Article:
One of the most challenging tasks in building a beautiful piece of music lies in composing a well-received melody. But what makes a good melody? Or, in a more generative sense:

How can we generate a beautiful melody algorithmically?

Because a melody can be seen as a series of numbers, it is not surprising that this question is a rather old one. Long before the digital computer, composers tried to constrain themselves by strategies and rules to limit the space of possibilities. In my opinion, limitations are necessary for a creative process.

If we can create everything, we become unable to express anything.

Therefore, it makes sense to invent rules that limit our possibilities.

Surprise, Repetition and Expectation

One general consensus is that a good melody balances repetition and surprise. If we can no longer recognize a structure and cannot guess what might be the following note or chord, a melody begins to lose its ability to transport emotion; it can no longer tell a story. On the other hand, if the melody is too repetitive, we get bored because the guessing game is too simple.

Computer scientists know the relation between surprise and repetition very well. We call it entropy. I will discuss the formal definition of entropy in another article. For now, it is only vital that entropy is a measure of surprise in a message we receive (on a purely syntactical level). For example, the result heads of a coin toss of a fair coin is less surprising than the result heads of a coin that is biassed towards tails. If an event is unlikely, its appearance is surprising.

Concerning the coin toss example, a message consists of multiple coin toss results. Let’s say 0 represents heads, and 1 represents tails, then 010111 is a message. The entropy of a message is a measure of how surprising it is to appear in a system that generates messages. To compute the entropy of a system that generates messages of length $n$, we sum up all surprises of each possible message of length $n$ and divide the result by $n$. For example, for an unbiased coin, the messages 00, 01, 10, and 11 appear with equal probability, i.e., $1/4$. The entropy is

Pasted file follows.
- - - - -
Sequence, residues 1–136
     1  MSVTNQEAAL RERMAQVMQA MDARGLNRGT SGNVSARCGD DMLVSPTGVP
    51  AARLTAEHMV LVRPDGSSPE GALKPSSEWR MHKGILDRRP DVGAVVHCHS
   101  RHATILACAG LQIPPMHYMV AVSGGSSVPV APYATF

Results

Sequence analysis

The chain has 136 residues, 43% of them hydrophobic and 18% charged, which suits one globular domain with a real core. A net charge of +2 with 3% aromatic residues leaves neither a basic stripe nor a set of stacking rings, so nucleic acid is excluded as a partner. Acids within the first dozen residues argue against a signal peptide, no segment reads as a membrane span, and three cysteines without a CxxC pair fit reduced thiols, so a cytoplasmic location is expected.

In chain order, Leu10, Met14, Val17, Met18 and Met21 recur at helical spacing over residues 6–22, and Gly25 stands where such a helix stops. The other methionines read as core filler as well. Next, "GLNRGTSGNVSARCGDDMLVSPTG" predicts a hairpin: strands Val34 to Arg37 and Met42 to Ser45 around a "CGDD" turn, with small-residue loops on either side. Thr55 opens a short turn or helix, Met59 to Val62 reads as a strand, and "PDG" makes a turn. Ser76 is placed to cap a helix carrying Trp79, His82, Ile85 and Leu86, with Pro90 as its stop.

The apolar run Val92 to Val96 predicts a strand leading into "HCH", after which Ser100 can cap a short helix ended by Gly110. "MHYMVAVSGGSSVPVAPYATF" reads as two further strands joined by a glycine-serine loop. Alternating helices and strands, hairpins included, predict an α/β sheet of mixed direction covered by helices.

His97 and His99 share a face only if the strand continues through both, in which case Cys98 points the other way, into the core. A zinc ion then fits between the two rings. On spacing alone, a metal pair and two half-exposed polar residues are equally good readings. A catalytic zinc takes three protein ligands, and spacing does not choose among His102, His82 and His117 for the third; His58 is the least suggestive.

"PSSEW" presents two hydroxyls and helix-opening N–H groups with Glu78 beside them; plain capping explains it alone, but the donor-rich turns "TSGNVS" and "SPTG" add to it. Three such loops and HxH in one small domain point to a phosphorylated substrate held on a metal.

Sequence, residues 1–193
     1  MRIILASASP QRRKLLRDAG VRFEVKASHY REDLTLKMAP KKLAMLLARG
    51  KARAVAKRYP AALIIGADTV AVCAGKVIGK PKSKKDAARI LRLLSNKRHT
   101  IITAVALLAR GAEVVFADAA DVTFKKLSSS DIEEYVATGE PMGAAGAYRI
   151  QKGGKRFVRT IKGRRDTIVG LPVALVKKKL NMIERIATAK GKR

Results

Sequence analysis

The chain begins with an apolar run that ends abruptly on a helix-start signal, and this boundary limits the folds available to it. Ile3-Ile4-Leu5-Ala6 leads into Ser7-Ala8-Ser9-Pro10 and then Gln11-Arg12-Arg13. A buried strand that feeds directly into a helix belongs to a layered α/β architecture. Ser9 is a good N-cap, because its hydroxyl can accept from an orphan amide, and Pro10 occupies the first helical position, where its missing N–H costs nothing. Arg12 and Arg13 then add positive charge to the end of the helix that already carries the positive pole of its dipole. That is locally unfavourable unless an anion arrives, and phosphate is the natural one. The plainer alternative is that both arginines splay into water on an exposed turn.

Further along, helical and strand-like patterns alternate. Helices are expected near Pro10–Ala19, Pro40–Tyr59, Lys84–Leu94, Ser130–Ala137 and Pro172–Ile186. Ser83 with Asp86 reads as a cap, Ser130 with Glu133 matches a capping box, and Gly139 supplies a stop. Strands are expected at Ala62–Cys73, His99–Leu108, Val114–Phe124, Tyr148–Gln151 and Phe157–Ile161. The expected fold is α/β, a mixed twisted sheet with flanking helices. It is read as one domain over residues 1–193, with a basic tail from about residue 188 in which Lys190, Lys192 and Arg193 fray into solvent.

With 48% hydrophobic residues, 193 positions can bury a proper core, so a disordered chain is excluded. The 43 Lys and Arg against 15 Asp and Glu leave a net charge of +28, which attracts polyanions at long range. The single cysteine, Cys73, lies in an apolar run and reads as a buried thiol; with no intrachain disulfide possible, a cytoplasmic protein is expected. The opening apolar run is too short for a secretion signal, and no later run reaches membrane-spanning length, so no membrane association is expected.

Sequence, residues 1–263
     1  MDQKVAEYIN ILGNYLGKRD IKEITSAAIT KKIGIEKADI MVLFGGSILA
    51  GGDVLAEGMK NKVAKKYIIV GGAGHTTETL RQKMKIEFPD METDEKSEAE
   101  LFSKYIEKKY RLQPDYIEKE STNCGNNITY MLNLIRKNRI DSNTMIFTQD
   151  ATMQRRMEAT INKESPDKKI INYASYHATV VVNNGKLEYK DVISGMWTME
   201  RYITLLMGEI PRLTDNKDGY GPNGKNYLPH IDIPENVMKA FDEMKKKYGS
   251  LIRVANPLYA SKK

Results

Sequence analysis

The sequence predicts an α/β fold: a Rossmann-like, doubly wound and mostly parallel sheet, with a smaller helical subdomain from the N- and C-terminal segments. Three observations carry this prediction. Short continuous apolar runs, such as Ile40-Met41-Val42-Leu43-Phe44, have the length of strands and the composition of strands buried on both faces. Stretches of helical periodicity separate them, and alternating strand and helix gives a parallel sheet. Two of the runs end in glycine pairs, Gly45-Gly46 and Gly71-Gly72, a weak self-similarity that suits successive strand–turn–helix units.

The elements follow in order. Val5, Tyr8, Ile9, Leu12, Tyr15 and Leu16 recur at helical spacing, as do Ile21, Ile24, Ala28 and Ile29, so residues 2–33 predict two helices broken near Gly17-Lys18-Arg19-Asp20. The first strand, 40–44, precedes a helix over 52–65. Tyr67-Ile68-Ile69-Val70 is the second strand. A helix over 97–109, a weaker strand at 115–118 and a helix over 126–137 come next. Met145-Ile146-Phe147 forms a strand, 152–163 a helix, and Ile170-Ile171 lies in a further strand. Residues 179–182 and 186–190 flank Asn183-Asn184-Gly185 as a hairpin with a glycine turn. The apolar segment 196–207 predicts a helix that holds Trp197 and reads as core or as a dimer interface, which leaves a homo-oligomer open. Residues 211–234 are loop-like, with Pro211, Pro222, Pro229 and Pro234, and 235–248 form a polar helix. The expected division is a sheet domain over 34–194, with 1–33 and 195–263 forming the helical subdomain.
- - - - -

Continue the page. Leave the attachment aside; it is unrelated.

\begin{equation} \frac{-1/4 \cdot \log_2(1/4) \cdot 4}{4} = 1. \end{equation}

Let us compare this with a biased coin. So let us assume heads has probability $0.2$ and tails has probability $0.8$, then we have 00 with probability $0.2^2 = 0.04$, 01 and 10 with probability $0.2 \cdot 0.8 = 0.16$ and 11 with probability $0.8^2 = 0.64$. Consequently, we get

\begin{equation} \frac{-0.04 \cdot \log_2(0.04) -2 \cdot 0.16 \cdot \log_2(0.16) -0.64 \cdot \log_2(0.64)}{4} \approx 0.361. \end{equation}

One could say the second system is less surprising to observers; it is more repetitive. In information theory we say the second system generates less information, but the term information can be misleading because it has nothing to do with meaning. From this perspective, a bunch of random numbers is regarded as more informative than a book.

In 1948 Claude E. Shannon established A mathematical theory of information (Shannon, 1948). He established the term entropy as a measurement of information, but he emphasized its limitation to syntax:

Frequently, the messages have meaning; that is, they refer to or are correlated according to some system with certain physical or conceptual entities. These semantic aspects of communication are irrelevant to the engineering problem. The significant aspect is that the actual message is one selected from a set of possible messages. The system must be designed to operate for each possible selection, not just the one which will actually be chosen since this is unknown at the time of design. – Claude E. Shannon